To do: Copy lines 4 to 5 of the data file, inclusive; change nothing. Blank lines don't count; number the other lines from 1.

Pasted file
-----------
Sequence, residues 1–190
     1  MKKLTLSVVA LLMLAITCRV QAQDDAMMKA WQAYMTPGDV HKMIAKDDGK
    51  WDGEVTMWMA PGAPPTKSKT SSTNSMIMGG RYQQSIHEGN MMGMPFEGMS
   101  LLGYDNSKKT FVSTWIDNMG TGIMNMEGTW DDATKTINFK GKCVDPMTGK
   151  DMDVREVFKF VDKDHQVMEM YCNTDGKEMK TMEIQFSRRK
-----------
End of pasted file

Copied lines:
   101  LLGYDNSKKT FVSTWIDNMG TGIMNMEGTW DDATKTINFK GKCVDPMTGK
   151  DMDVREVFKF VDKDHQVMEM YCNTDGKEMK TMEIQFSRRK